Disabled (39%) and clinically extremely vulnerable (CEV) adults (31%) were more likely to experience some form of depression than non-disabled (13%) and non-CEV adults (20%).
A higher proportion of adults renting their home experienced some form of depression (31%) when compared with adults who own their home outright (13%).
Almost 3 in 10 (28%) adults living in the most deprived areas of England experienced depressive symptoms; this compares with just under 2 in 10 (17%) adults in the least deprived areas of England.
Watson’s response to the easing of lockdown is not all that uncommon, say psychologists. It is not yet known how many people will be affected by residual Covid anxiety after vaccination, but it’s feared a significant minority will struggle to readjust, especially as increased unlocking allows for large groups and big, crowded events to take place again.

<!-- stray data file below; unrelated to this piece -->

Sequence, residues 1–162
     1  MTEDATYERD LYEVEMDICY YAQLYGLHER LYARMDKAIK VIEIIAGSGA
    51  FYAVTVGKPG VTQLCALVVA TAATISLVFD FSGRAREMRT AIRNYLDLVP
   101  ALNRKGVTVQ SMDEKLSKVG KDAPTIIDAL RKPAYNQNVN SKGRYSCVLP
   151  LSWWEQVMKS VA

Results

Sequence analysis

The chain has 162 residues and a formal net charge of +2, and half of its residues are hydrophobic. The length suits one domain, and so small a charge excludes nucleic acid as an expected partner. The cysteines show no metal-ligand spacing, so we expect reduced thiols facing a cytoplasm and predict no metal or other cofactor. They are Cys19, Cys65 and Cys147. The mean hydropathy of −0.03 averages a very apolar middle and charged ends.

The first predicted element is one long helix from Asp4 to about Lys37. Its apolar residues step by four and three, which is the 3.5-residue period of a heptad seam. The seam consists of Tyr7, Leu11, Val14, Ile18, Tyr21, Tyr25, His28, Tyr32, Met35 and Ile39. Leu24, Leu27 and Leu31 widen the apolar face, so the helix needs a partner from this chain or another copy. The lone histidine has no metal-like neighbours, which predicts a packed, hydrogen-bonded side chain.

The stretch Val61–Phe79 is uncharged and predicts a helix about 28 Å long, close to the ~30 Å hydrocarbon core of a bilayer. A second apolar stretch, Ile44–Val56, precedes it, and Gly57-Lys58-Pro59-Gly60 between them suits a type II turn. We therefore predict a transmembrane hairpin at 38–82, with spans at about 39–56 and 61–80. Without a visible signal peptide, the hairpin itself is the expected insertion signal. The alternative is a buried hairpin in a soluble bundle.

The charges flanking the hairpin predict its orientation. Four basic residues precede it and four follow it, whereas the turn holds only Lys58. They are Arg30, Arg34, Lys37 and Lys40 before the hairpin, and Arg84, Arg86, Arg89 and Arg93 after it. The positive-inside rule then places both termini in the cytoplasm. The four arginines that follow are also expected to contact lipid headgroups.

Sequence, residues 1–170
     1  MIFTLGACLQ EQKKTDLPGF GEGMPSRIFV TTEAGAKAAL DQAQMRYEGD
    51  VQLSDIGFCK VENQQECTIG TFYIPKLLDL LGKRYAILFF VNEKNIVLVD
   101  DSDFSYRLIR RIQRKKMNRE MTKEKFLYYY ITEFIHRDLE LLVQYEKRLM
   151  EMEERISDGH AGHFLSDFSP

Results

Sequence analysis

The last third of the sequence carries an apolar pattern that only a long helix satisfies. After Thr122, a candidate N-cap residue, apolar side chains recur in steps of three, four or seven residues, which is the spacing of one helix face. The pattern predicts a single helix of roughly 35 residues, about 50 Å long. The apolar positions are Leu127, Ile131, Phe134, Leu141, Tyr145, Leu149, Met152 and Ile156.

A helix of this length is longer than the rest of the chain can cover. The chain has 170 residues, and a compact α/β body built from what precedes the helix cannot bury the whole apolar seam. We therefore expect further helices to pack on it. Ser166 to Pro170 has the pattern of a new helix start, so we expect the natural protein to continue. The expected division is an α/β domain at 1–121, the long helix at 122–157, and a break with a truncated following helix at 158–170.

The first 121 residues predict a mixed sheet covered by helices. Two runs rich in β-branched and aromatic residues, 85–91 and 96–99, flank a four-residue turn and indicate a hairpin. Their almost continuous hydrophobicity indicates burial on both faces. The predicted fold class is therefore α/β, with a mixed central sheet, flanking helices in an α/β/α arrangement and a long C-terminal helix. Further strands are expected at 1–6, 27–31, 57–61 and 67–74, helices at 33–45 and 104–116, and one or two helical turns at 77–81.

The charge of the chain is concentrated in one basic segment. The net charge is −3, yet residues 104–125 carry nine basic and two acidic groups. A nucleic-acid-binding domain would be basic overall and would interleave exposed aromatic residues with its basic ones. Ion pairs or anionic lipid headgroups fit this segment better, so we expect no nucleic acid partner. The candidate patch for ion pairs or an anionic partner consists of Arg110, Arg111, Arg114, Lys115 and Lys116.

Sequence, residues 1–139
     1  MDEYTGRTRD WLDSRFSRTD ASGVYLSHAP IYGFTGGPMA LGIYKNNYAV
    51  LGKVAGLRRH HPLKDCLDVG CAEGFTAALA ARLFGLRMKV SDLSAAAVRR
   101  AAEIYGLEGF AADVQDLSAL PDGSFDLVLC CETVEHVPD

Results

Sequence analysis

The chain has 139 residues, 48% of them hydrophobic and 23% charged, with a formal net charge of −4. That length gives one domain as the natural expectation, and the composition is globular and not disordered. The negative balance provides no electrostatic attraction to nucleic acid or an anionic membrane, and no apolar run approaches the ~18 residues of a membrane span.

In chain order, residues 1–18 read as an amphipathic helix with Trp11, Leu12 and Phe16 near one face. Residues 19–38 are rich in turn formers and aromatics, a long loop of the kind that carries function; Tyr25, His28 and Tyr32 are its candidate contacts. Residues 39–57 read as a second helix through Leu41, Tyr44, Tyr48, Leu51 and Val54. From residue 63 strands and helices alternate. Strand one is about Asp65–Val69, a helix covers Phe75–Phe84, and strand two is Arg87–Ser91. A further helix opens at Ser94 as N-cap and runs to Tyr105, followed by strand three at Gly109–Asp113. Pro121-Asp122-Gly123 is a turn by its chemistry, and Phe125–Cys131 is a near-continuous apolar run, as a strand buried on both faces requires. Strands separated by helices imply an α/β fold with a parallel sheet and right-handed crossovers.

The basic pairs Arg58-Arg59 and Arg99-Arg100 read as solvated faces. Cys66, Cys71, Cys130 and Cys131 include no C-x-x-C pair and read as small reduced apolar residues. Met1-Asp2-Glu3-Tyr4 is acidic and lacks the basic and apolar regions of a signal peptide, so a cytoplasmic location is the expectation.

There is a “prima facie risk” of harm to secondary school pupils from wearing masks during lessons due to the impact it has on their ability to breathe properly, according to lawyers acting for a 12-year-old girl against the Trust that runs her school.
Adults have failed children in foisting unnecessary, harmful Covid-19 restrictions on them.
There can be no keener revelation of a society’s soul,” Nelson Mandela famously said, “than the way in which it treats its children.” By that standard, our society now has the soul of an abusive parent. The pandemic has turned American adults, or at least the ones who make the rules, into selfish neurotics who have been punishing innocent children for over a year—and still can’t restrain themselves.
Closing playgrounds has helped to fuel “a pandemic of mental health problems” among children, a parliamentary committee has warned.
The All Party Parliamentary Group on a Fit and Healthy Childhood is calling for practical measures to help children recover from repeated lockdowns, which have left too many confined for long periods at home.
Children as young as eight are self-harming amid an unprecedented mental health crisis fuelled by the stress of lockdown, a consultant has said.